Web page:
Leo Egan Land Co., Inc. v. Heelan

Annotate this Case

313 N.W.2d 682 (1981)

210 Neb. 263

LEO EGAN LAND COMPANY, INC., Appellee, v. Elizabeth A. HEELAN, Appellant, and Connie Elaine Egan et al., Appellees.

No. 43640.

Supreme Court of Nebraska.

December 28, 1981.

*683 Michael V. Smith of Smith, King & Waite, Gordon, for appellant.

Tye, Worlock, Tye, Taylor & Hopkins, Kearney, for appellee.


KRIVOSHA, Chief Justice.

Appellant, Elizabeth A. Heelan (Heelan), appeals from a judgment entered by the District Court for Sheridan County, Nebraska, finding that the appellee, Leo Egan Land Company, Inc. (Egan), had acquired title to certain land involved in this action by adverse possession. We believe that the record in this case requires that the action of the trial court be reversed.

*684 The record discloses that in 1934 and 1935 Elizabeth A. Egan acquired title by purchase to certain land in Sheridan County, Nebraska, described as the south half of Section 2, all of Section 10, and the north half of Section 11, all in Township 25 North, Range 41 West of the 6th P.M. She died intestate a widow on August 15, 1950, leaving surviving five children, one of whom was the appellant Heelan. The other children were Mary Rock, Kathryn Bunner, Thomas J. Egan, and Leo Egan.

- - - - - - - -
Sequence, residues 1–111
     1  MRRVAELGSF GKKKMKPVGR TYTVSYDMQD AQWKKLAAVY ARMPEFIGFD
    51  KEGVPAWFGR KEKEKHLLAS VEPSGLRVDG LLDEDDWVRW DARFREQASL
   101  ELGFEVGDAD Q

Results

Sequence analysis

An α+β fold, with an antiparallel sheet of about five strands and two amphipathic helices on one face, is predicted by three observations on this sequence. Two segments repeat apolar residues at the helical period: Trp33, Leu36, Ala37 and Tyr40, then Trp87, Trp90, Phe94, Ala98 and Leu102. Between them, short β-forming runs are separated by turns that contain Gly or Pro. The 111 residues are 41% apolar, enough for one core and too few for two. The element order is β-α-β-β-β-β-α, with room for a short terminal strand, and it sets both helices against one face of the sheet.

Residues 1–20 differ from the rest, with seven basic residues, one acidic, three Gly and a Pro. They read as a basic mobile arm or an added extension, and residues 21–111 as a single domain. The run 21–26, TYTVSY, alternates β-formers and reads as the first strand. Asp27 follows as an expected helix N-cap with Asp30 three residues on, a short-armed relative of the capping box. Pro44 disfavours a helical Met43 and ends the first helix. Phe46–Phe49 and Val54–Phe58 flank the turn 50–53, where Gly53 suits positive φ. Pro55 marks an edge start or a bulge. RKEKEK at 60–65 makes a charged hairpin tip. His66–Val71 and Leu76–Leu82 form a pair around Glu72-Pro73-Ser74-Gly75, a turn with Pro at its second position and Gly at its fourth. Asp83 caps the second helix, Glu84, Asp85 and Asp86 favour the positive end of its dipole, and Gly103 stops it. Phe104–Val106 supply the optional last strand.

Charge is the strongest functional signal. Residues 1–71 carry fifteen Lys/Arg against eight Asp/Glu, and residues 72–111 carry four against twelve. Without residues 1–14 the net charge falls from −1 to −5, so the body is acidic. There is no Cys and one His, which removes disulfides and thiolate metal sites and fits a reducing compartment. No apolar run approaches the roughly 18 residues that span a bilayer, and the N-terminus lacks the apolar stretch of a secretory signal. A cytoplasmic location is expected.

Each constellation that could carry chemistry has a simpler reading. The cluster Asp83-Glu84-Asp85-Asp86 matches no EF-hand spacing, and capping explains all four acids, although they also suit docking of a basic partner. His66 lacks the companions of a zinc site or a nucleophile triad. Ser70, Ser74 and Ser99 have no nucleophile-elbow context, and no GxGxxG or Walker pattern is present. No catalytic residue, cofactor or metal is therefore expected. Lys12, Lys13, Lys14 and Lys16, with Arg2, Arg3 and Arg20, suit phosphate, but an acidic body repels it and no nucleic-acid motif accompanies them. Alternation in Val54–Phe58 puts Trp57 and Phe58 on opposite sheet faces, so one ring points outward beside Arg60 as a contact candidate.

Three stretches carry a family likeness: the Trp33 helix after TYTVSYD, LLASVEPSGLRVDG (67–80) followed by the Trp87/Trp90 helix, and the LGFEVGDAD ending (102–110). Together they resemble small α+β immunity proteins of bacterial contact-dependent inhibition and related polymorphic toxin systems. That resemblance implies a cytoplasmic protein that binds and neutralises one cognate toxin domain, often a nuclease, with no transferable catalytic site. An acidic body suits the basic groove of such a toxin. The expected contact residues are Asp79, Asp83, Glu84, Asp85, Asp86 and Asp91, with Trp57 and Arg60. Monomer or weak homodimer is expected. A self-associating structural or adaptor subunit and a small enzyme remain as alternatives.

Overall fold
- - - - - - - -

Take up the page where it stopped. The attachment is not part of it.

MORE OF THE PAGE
Leo Egan was appointed special administrator of his mother's estate. While some claim is made that the appointment of Egan as special administrator is significant in the decision of this case, we find that his appointment was only with regard to certain personal property and is not relevant to the decision in this case.

On May 3, 1951, Leo Egan filed and recorded a "statement of ownership" with the Sheridan County clerk, claiming that he had acquired equitable title to the Sheridan County land in question at the times it had been purchased by his mother in 1934 and 1935. The "statement of ownership" read as follows: "STATEMENT OF OWNERSHIP State of Nebraska, Grant County, ss

"KNOW ALL MEN BY THESE PRESENTS: That the undersigned, Leo Egan, does hereby certify that he is the owner of and in possession of the following described real estate situated in Sheridan County, Nebraska, to-wit: South One-half (S ½) of Section Two (2); All of Section Ten (10) and North One-half (N ½) of Section Eleven (11), all located in and a part of Township Twenty-five (25) North, Range Forty-one (41), West of the Sixth Principal Meridian, Sheridan County, Nebraska, together with all the tenements, hereditaments and appurtenances thereunto appertaining, and in support of such claim of ownership does further state and represent: